This cake is Hungarian in origin, but it’s also popular in parts of northern Serbia that were under Austro-Hungarian rule until the turn of the twentieth century. It’s commonly called Madjarska Palacinka Torta or Hungarian Pancake Torte. Our mothers and grandmothers would typically bake it for Sunday lunch because it’s so quick to make. The layers are somewhere between a pancake and a crêpe, and are sandwiched with various fillings. Almost always, there are walnuts, the most popular nut in the western Balkans. As my aunt used to say: “It isn’t a cake if it doesn’t have walnuts.”
For the raspberry jam
18 ounces (500 g) raspberries
2 1/2 cups (500 g) granulated sugar
2 tablespoons freshly squeezed lemon juice
For the filling
3 ounces (85 g) walnuts, toasted and cold
3 ounces (85 g) bittersweet chocolate, chopped and cold
For the cake
6 large eggs, separated
1 1/3 cups (135 g) confectioners’ sugar
1 1/3 cups (175 g) cake flour
1 cup (130 g) all-purpose flour
1 tablespoon maple syrup
1/3 cup (75 ml) canola oil
1 2/3 cups (390 ml) whole milk
3/4 cup plus 1 tablespoon (195 ml) half-and-half
Unsalted butter, melted
1 pint (250 g) raspberries
Edible flowers (optional)
For the raspberry jam
Place a small plate in the freezer.
In a medium, heavy-bottomed pan, combine half of the raspberries with the sugar over high heat and bring to a boil, stirring often. Continue boiling, while stirring and gradually lowering the heat, as the jam starts to thicken. After about 1 5 minutes, add the remaining raspberries. Mix well and cook, stirring constantly, for another 10 to 15 minutes or until the jam is ready.
To test the jam, spoon a small dollop onto the frozen plate. It should hold its shape and wrinkle lightly when you run your finger through it.
Remove the pan from the heat and let the jam cool to warm. Stir in the lemon juice and use an immersion blender to slightly purée the jam. Spoon the raspberry jam into
a piping bag and set aside.
For the filling
In a food processor, pulse the cold walnuts and chocolate together until finely ground. Be careful not to over-process as this may melt the chocolate or release the oils in the walnuts. Refrigerate until ready to use.
For the cake
Using an electric mixer or a stand mixer fitted with the whisk attachment, whip the egg whites, about half of the confectioners’ sugar, and a generous pinch of salt at medium speed until a meringue with soft peaks forms.
Sift the cake and all-purpose flours together into a medium bowl.
In a clean bowl, use the mixer to whip the egg yolks with the remaining confectioners’ sugar until they triple in volume. Add the maple syrup, followed by the canola oil, and mix until combined. With the mixer running, add the milk, followed by the half-and-half, in a slow steady stream. Add the flour mixture and mix until the batter is smooth with no visible lumps.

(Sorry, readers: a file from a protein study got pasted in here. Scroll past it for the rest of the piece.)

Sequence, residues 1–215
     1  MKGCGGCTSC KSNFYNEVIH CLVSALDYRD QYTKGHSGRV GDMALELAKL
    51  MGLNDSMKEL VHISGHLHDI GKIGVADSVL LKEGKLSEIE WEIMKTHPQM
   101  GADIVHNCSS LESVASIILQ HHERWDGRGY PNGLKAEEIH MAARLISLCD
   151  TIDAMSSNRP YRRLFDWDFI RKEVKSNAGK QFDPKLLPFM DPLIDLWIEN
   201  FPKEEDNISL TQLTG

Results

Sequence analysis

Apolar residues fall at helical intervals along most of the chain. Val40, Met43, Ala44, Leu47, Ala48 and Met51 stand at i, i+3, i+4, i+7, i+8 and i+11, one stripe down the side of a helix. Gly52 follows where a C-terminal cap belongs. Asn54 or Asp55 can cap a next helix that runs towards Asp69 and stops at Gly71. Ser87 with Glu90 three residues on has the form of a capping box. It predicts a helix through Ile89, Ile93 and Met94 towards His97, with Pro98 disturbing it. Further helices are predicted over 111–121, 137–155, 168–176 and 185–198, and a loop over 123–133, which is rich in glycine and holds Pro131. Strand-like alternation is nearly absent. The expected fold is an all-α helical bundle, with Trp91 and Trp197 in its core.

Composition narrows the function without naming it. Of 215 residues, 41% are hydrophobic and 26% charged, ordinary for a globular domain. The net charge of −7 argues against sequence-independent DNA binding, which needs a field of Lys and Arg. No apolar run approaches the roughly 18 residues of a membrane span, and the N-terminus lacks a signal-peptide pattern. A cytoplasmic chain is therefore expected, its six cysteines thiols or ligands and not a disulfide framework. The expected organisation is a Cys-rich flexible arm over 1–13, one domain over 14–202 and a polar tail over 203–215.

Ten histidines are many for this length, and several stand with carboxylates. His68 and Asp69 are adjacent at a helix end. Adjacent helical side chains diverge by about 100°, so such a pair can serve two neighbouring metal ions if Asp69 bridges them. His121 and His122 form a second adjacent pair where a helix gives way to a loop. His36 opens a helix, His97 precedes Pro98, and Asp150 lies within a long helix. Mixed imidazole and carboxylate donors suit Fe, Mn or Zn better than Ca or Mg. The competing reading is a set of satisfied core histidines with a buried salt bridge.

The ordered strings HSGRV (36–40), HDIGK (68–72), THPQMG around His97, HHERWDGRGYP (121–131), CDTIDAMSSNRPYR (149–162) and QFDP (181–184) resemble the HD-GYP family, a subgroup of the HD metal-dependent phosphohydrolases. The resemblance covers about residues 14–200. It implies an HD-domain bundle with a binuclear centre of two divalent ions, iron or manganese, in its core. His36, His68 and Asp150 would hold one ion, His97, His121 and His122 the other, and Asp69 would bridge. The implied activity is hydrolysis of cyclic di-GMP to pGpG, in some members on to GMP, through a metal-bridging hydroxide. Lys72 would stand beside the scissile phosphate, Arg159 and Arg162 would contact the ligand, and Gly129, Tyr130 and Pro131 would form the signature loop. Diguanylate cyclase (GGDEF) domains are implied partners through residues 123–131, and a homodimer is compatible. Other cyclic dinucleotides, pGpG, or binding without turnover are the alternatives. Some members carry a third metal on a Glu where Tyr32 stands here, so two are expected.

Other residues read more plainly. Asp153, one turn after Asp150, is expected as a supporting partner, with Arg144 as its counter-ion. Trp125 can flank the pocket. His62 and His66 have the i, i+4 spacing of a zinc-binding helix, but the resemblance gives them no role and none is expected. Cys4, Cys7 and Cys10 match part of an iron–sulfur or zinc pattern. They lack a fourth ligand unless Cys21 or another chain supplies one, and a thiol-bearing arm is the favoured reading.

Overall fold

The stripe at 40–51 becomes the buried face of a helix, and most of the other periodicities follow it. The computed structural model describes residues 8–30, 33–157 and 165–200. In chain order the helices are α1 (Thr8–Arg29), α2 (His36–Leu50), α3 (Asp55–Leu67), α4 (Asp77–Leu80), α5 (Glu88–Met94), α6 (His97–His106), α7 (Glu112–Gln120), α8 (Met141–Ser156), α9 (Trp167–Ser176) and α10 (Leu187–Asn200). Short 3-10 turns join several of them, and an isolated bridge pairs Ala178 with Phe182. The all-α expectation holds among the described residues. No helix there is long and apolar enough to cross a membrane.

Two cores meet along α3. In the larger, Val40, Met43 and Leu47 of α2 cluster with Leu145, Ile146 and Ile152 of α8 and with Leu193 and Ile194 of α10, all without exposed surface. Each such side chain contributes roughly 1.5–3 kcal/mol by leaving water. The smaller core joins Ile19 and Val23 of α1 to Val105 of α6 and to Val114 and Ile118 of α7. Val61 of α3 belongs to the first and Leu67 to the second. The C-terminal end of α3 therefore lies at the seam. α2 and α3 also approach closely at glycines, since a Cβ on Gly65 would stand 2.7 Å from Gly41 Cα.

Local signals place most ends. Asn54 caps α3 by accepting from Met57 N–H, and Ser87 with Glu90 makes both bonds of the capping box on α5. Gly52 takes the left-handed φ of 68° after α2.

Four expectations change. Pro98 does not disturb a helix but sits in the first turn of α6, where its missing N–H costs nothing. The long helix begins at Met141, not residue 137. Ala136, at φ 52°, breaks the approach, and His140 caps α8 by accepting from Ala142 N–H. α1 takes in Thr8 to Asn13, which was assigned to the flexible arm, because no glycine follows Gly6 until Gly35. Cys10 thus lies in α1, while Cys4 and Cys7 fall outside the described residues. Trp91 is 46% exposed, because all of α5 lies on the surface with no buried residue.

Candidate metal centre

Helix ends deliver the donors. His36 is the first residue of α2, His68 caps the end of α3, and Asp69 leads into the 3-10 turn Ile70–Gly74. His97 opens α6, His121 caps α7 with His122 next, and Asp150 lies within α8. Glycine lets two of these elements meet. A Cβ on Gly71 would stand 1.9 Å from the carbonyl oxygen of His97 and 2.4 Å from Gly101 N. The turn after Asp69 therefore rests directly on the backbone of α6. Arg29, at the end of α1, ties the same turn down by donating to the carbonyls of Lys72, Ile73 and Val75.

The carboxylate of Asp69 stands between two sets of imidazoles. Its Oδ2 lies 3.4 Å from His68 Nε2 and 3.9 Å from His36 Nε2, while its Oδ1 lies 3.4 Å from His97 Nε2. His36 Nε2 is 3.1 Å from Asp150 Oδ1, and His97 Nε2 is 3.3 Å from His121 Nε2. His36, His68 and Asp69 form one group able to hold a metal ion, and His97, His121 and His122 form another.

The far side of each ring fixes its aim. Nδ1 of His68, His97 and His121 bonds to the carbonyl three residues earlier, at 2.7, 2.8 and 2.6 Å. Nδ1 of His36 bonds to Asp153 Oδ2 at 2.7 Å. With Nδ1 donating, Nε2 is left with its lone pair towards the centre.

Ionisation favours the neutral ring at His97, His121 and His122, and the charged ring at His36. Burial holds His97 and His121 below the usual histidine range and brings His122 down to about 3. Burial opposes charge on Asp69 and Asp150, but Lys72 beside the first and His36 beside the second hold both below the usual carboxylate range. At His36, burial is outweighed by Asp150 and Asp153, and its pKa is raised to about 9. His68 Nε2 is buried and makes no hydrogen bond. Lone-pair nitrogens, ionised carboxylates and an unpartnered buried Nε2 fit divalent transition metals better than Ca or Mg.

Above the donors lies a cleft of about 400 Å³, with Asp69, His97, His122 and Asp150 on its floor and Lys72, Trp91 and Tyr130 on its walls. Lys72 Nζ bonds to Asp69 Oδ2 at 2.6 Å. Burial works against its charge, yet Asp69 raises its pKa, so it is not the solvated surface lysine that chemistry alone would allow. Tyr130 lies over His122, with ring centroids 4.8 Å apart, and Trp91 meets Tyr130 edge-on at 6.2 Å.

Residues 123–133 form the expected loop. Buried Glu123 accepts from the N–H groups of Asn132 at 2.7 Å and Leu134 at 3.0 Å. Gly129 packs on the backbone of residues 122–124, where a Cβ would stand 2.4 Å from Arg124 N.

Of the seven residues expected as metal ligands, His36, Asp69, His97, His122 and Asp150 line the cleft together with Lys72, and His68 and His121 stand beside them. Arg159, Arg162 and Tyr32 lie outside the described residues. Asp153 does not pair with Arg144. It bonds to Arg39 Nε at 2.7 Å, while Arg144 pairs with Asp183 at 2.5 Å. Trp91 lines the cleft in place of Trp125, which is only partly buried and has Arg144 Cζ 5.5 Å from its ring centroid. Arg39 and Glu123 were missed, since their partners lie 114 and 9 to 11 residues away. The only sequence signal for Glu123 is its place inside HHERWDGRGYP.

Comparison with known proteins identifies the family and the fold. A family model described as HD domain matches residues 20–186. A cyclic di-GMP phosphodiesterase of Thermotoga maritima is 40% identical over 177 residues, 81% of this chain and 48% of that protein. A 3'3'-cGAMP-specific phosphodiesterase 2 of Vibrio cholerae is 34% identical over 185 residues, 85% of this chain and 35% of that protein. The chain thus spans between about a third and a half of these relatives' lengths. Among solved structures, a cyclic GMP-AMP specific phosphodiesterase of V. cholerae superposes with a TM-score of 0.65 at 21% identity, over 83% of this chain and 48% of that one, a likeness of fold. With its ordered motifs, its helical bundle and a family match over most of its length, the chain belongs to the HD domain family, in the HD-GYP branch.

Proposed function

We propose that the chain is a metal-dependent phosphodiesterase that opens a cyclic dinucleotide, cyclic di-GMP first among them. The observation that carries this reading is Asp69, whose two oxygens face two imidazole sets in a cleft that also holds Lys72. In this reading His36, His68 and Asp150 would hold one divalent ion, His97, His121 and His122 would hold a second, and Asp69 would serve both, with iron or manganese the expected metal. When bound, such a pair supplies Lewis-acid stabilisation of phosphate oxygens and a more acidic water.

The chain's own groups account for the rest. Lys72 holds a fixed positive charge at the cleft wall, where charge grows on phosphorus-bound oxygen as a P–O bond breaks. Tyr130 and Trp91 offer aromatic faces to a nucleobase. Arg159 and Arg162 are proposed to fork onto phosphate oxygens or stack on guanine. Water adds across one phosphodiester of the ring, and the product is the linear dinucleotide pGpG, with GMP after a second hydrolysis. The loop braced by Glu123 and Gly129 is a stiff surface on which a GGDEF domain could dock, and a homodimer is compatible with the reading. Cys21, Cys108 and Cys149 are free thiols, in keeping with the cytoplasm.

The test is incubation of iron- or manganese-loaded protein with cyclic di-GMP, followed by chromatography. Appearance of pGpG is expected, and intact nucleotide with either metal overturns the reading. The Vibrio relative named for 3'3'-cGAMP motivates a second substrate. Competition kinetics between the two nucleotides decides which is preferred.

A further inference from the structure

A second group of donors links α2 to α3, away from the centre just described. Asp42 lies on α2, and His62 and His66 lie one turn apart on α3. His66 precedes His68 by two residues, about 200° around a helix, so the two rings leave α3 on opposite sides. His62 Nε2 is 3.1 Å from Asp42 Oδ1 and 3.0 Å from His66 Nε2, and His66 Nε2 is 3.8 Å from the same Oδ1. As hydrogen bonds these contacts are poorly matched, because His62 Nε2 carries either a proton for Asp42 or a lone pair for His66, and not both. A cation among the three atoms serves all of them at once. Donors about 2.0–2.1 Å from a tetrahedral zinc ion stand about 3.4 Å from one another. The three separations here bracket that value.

Using a whisk, gently fold the meringue into the batter in 3 additions then switch to a spatula to reach the sides and bottom of the bowl. Make sure the meringue is well incorporated with no chunks of egg white.
Arrange a platter or cake stand, the walnut-chocolate mixture, and the piping bag filled with jam next to the stove, so you can assemble the cake as you work.
Heat a 9-inch (23 cm) nonstick skillet over medium heat. Brush the skillet lightly with melted butter and pour in about 1/2 cup (120 ml) of the batter. It should spread on its own and cover the bottom of the skillet. Cook, without flipping, until the bottom of the crêpe is lightly browned and bubbles appear on top—the top will look creamy and just set. Carefully shimmy the crêpe out of the skillet and onto your platter or cake stand then sprinkle generously with some of the walnut-chocolate mixture and evenly pipe about 1/3 cup (75 ml) of jam on top. Continue to cook crêpes and layer with the walnut-chocolate mixture and jam— you should be able to make about 9 crêpes. For the very last layer, flip the crêpe so the browned side that was in contact with the skillet is on top and do not add the walnut-chocolate mixture or jam.
Scatter the raspberries and edible flowers, if using, on top of the cake, dust with confectioners’ sugar, and serve warm.
More about A Place at the Table: The book is produced in collaboration with the Vilcek Foundation, which is dedicated to raising awareness of immigrant contributions in America and fostering appreciation of the arts and sciences. The publication of the book follows the Vilcek Foundation's prestigious 2019 chef awards this spring, which only happen every 5 years. The winner of the Vilcek Prize in Culinary Arts this year was just announced and it was Marcus Samuelsson.
Recipe excerpted from A Place at the Table: New American Recipes from the Nation's Top Foreign-Born Chefs (Prestel, Sept 24, 2019, $40/hardcover) by Gabrielle Langholtz, Rick Kinsel.
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